Measuring by what has survived, we call the nineteenth century the age of the novel; but if we counted instead what was produced, the Victorians might look more like the people of the tract. One historian calculates that in the first seven years of its existence the Religious Tract Society (foundedby an interdenominational group of Evangelicals in 1799) had distributed two million titles; between 1840 and 1849 that number went up to twenty-three million. . . . Tracts are to the mid-Victorian novel what romance was to its predecessors: the inscribed genre against which it defines itself. ]— Leah Price, How to do things with books in Victorian Britain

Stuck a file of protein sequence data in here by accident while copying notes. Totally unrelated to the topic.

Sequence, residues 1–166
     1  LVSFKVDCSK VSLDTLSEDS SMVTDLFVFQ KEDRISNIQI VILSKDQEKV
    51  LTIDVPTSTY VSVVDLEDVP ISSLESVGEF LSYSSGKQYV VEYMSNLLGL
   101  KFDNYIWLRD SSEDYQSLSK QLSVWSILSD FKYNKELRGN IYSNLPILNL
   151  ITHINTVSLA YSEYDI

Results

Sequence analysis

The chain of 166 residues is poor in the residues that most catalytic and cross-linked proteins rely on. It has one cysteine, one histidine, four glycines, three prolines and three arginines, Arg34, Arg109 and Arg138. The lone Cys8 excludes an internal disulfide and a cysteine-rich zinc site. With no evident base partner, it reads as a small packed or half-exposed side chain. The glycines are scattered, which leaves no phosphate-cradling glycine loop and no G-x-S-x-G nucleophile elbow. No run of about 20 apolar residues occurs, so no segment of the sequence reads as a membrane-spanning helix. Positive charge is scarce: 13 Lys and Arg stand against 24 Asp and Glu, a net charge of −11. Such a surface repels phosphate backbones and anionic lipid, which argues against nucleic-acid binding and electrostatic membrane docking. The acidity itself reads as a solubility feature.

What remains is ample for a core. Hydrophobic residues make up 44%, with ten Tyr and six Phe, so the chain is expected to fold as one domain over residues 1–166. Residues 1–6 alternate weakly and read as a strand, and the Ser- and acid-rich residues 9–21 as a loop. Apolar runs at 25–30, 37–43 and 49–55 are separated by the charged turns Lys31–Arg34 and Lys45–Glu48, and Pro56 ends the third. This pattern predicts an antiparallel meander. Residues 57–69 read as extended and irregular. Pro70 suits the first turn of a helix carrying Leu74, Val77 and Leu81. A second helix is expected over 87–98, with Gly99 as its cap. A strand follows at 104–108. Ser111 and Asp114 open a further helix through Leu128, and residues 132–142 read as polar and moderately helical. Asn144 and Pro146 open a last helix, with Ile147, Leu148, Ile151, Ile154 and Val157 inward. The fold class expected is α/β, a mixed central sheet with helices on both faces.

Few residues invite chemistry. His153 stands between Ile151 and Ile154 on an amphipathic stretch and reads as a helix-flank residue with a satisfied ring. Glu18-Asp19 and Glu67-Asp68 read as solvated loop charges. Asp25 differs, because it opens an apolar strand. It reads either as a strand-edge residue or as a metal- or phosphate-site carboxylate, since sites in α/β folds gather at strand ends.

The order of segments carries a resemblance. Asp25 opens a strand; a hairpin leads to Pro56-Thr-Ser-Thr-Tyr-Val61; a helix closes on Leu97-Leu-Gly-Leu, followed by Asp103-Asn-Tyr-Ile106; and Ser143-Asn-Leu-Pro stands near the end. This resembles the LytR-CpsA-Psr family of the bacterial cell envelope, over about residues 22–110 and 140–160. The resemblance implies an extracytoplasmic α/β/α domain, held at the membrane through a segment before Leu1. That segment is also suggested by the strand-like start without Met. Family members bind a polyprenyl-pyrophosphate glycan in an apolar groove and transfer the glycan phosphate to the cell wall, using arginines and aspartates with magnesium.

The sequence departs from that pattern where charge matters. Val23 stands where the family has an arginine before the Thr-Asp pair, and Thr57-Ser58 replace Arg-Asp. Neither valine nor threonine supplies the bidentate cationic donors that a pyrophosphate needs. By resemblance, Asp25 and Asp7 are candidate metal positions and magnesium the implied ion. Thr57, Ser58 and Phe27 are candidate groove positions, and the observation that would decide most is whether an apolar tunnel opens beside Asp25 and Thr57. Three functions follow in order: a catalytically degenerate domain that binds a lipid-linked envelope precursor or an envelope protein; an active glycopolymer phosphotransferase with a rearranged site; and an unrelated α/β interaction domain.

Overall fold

The History of Protestant Religious Tracts and Societies for their Dissemination

Political and Social Commentary

Individual Authors

Relations to Victorian Literature

Last modified 14 May 2014